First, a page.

Pauly hasn’t been posting, but he reads Logarchism religiously. He loves Meme Watch and always dreamed of writing one — and now he gets his chance. His submission follows the jump: (more…)
We’re in a three-week hiatus with no primaries or caucuses, which probably accounts for the punditocracy focusing on the status of the horse — uh, make that elephant — race.
A sure sign that former Massachusetts Governor Mitt Romney has the nomination all but sewn up: Politico has turned to handicapping the Vice-Presidential slot. Politico’s Maggie Haberman feels former Office of Management and Budget director and current Senator Rob Portman (R-OH) is the favorite.
We at Logarchism like to look at Intrade numbers. As of Friday on Intrade, Sen. Marco Rubio (R-FL) is the favorite with a 25 percent chance of securing the VP nomination, followed by New Jersey Governor Chris Christie (11 percent), Virginia Governor Bob McDonnell (nine percent), Portman (nine percent), Representative Paul Ryan (R-Janesville, WI) (nine percent), and New Mexico Governor Susana Martinez (eight percent).
Romney’s Intrade numbers are a virtually certain 96 percent, with none of the other candidates above one percent.
Super Tuesday and the subsequent March 10 and 13 primaries and caucuses clarified one thing: it’s now a two-man race.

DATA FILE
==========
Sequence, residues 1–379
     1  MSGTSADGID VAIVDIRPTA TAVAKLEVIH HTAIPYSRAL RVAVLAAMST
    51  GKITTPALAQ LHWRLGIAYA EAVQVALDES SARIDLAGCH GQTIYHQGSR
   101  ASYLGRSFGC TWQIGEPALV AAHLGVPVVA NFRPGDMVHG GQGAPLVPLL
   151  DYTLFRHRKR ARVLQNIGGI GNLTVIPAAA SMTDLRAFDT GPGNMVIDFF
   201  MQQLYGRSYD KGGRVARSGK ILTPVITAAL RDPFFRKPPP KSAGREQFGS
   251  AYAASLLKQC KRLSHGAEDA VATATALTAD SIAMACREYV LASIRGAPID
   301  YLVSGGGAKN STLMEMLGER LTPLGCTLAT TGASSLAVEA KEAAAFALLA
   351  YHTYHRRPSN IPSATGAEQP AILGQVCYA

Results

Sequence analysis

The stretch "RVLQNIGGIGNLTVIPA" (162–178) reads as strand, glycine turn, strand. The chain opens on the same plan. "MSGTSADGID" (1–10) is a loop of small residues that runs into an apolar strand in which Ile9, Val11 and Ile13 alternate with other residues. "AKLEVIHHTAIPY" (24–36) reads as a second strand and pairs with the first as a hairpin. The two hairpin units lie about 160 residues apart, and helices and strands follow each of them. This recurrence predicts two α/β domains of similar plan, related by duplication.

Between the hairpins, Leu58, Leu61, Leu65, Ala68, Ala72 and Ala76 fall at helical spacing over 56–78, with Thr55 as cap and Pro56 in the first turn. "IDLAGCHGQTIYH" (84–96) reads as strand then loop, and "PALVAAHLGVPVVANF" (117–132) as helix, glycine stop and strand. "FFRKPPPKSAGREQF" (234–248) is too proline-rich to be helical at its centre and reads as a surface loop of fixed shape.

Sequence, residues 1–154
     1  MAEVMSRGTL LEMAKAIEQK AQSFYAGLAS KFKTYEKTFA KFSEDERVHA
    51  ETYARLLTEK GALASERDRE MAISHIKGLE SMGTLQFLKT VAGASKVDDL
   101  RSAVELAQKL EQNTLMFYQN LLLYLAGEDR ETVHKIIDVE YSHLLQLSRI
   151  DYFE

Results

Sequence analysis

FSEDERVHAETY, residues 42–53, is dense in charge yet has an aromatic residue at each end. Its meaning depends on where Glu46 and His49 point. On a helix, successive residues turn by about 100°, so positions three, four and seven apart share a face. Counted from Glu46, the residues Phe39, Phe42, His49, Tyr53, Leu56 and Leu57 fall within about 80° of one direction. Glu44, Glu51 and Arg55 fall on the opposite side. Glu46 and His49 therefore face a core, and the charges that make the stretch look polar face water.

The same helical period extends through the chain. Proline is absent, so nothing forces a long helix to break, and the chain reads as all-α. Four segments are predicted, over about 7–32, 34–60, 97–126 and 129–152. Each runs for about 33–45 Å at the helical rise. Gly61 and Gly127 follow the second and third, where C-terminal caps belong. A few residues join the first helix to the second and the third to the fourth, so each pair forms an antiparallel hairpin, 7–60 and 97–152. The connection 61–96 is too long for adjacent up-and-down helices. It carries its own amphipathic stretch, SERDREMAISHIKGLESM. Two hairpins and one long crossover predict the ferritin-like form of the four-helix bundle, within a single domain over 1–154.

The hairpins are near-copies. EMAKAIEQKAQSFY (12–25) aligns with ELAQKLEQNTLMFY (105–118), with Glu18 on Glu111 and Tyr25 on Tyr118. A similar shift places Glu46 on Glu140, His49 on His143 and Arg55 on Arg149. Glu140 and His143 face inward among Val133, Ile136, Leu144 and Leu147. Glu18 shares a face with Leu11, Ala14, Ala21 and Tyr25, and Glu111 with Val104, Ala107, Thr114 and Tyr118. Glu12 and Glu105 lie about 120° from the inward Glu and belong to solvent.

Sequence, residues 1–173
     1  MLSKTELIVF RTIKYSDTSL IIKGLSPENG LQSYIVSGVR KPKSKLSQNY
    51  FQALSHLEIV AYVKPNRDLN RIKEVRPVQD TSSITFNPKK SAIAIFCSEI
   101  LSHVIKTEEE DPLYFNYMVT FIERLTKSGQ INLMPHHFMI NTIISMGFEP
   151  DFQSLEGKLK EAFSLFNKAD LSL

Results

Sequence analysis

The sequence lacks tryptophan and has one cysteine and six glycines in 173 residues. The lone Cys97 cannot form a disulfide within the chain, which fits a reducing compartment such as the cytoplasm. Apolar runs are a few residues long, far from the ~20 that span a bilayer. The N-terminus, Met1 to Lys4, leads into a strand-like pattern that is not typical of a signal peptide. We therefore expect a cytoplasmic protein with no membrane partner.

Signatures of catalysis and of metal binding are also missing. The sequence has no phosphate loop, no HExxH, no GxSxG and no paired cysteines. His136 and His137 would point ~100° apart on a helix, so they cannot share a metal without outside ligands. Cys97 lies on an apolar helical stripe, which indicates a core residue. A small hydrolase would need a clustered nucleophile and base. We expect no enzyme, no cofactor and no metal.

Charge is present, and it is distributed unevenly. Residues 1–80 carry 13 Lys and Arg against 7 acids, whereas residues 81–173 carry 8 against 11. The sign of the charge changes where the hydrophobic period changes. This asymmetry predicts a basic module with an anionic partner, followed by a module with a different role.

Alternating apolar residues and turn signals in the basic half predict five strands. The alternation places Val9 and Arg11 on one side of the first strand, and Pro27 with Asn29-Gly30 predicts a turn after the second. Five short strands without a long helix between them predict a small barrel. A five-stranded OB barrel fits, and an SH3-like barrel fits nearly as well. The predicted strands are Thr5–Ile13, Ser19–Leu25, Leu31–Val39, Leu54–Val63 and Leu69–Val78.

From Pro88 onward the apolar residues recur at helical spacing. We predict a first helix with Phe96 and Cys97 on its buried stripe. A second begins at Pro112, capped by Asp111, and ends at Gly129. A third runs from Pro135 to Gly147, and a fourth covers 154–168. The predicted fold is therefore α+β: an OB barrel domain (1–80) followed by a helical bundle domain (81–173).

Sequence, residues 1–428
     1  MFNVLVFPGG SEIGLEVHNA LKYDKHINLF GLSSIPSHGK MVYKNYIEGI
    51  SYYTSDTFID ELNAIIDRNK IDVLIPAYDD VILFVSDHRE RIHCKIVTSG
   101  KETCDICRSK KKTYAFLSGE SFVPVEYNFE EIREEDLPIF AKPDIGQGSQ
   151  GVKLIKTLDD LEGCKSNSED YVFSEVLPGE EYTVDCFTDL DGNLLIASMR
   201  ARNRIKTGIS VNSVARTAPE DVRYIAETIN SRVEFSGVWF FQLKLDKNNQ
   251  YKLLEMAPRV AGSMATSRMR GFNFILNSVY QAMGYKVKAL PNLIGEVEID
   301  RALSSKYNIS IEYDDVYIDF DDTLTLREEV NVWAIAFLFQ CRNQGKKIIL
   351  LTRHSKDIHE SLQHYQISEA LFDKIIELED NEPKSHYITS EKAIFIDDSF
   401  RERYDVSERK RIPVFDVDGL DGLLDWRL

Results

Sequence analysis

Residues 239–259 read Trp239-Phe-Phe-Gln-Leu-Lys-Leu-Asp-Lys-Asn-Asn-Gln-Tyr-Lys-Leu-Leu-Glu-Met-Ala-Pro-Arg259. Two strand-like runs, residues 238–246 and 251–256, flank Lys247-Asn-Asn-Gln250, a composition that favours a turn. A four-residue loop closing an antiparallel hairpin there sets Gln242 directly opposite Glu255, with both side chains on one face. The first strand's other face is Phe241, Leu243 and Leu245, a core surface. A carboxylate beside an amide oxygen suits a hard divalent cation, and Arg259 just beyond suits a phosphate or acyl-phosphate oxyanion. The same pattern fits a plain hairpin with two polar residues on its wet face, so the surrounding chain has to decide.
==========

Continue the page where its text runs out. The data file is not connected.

Past Stampeding Elephants articles, going back to last May, focused on the Republican field. In that first iteration, former Massachusetts Governor Mitt Romney was in first place, former House Speaker Newt Gingrich in eighth, and Representative Ron Paul (R-Lake Jackson, TX) in ninth. Former Senator Rick Santorum (R-PA) did not break the one percent threshold on Intrade to appear in our rankings until our January 5 article, when he debuted in third place.
Now, from an ever-changing field of nine candidates, only two remain, and that’s not a field. Instead, this new version of the series will focus on the delegate math, and the election prospects of Romney, NotRomney, and NotNotRomney, based on Real Clear Politics polling averages, Intrade odds, and head-to-head polling data with President Barack Obama.
Former Massachusetts Governor Mitt Romney
Romney’s Real Clear Politics polling average this week dropped four points to 34 percent, but he still holds a five-point lead over Santorum. On Intrade, he’s holding at an 87 percent chance, unchanged from last week. He has 495 delegates, or 43 percent of the necessary total to clinch the nomination. (Delegate count estimates are from The New York Times via the Associated Press.) He loses to President Obama 48–44 in RCP polling averages for the last nine days.
Former Senator Rick Santorum (R-PA)
Santorum improved in both RCP weekly polling averages (29 percent, up three points) and on Intrade (five percent chance of securing the nomination, up one point). Still, a one-in-twenty chance is nothing to write home about. He has an estimated 252 delegates (22 percent of the needed total), or just about half of the number estimated for Romney. He loses to President Obama 50–42 in averaged polls.
As of late last night, Jeb Bush and Ron Paul are tied with just under two percent on Intrade. More about their chances after the cut.